"You definitely see the standard has picked up tremendously, eight years ago the time difference between the guy who won and the guy who came last in the 100m final was just over two seconds. Now it is just over half a second and that is a testament to how many more Paralympic athletes there are, people with disabilities not letting their disabilities get the better of them, just picking up and saying 'look this is the situation I am in, I shouldn't treat myself any differently because I don't want anyone else to treat me differently, let's get on and focus on my abilities rather than my disabilities'. That makes me very proud to be part of the Paralympic movement."

Pistorius will return to the Olympic Stadium to race in four events, the 100m, 200m, 400m and the 100m relay, and does not regard himself as favourite to win all four. Now he is all too well aware of the runners who are likely – given a successful qualification – to line up either side of him.

"The 100m is going to be the biggest challenge for me," he said and then runs through a list of names, Jonnie Peacock, Jerome Singleton, Blake Leeper, Arnu Fourie, Alan Oliveira, a Briton, two Americans, a South African (and his room-mate) and a Brazilian which makes this the most eagerly awaited race of the Games.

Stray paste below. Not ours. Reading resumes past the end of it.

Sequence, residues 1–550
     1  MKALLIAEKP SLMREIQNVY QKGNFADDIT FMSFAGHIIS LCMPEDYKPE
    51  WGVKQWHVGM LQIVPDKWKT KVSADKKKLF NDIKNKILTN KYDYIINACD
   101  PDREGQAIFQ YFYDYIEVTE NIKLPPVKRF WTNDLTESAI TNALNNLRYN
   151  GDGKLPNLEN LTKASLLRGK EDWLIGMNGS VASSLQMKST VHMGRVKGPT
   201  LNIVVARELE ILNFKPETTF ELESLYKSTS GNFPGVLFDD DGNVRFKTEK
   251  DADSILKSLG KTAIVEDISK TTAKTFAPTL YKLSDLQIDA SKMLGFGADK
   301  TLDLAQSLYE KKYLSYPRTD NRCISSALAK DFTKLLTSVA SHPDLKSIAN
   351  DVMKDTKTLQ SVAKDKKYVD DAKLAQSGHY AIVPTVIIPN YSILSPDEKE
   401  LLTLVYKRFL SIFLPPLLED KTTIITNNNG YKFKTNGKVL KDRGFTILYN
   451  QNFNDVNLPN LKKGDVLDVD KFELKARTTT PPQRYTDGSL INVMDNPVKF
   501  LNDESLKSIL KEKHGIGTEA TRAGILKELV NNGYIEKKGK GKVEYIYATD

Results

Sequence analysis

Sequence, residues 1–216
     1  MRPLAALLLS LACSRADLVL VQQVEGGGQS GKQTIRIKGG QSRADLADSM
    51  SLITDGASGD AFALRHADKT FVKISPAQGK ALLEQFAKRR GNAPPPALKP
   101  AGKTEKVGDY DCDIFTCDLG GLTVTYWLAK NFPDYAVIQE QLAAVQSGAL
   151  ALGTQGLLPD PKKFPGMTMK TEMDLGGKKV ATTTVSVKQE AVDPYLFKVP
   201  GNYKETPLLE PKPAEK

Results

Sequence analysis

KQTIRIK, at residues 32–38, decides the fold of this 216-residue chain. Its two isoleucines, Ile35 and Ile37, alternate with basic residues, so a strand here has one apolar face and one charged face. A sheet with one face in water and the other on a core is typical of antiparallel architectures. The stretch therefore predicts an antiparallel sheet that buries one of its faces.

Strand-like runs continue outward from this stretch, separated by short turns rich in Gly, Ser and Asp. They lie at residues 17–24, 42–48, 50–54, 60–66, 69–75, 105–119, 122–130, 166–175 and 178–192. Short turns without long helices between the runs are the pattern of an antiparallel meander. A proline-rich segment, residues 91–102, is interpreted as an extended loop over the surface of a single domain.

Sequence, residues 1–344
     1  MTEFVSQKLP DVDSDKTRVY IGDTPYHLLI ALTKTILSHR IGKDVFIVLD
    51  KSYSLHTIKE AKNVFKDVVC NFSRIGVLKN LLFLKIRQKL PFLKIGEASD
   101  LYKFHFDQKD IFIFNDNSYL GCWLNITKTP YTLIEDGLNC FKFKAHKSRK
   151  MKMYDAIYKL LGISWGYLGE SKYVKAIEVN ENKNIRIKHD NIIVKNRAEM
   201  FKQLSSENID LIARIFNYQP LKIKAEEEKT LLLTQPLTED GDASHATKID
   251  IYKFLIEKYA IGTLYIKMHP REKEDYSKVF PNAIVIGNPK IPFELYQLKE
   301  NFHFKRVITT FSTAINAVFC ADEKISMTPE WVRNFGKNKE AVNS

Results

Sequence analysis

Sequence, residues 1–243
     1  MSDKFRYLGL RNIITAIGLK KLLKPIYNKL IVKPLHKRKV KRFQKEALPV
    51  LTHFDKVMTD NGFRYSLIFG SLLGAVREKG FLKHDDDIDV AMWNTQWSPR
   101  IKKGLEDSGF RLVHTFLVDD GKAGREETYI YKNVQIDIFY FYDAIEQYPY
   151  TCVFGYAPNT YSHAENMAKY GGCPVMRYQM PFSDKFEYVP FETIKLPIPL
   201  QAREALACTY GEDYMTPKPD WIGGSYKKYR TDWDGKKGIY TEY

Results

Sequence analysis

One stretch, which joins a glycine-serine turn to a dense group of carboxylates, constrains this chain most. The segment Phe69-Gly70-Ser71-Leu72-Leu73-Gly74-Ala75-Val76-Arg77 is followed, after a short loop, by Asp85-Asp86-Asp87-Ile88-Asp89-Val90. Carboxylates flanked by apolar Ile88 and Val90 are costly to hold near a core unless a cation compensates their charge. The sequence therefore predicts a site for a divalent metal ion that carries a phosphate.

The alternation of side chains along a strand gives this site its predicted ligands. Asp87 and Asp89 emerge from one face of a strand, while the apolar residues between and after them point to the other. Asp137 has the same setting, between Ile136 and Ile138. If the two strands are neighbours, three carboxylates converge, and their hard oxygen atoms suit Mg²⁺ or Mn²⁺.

"It is going to be a strong event, closely contested and that is what makes it such a great spectator event. If I can get in the top three I will be very happy. I have moved away from the 100, I ran my first 100m in 16 months last weekend. The top guys are running quicker than I am and it is their focus. I have to be realistic and say the 200 and the 400 are the events I am better suited for."

It is five years since he recorded his best time of 10.91sec in the 100m as his abilities have proved better suited to longer sprints. Pistorius ran the 400m in the Olympics, making the semi-final, and the 400m relay, in which South Africa reached the final.

"That was such a blessing," he said of his Olympic experience. "It was a competition I had been trying to qualify for for five years. Being able to run against the world's best out here really inspired me. What is nice is that I have got used to the track and the intensity. The Paralympics have been sold out for many weeks and there will be the same passionate crowd there so hopefully I can use that experience to my advantage for the first race or two."